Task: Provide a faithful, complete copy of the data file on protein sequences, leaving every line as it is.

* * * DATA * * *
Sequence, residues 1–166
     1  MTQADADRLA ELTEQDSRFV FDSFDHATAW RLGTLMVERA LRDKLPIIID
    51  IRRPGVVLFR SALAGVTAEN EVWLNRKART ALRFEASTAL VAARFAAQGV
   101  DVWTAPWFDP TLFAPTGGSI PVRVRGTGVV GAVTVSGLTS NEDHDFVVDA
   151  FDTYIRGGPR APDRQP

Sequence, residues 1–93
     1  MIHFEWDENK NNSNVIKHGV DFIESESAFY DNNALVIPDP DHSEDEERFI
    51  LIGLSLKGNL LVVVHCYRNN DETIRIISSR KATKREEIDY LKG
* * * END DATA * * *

Sequence, residues 1–166
     1  MTQADADRLA ELTEQDSRFV FDSFDHATAW RLGTLMVERA LRDKLPIIID
    51  IRRPGVVLFR SALAGVTAEN EVWLNRKART ALRFEASTAL VAARFAAQGV
   101  DVWTAPWFDP TLFAPTGGSI PVRVRGTGVV GAVTVSGLTS NEDHDFVVDA
   151  FDTYIRGGPR APDRQP

Sequence, residues 1–93
     1  MIHFEWDENK NNSNVIKHGV DFIESESAFY DNNALVIPDP DHSEDEERFI
    51  LIGLSLKGNL LVVVHCYRNN DETIRIISSR KATKREEIDY LKG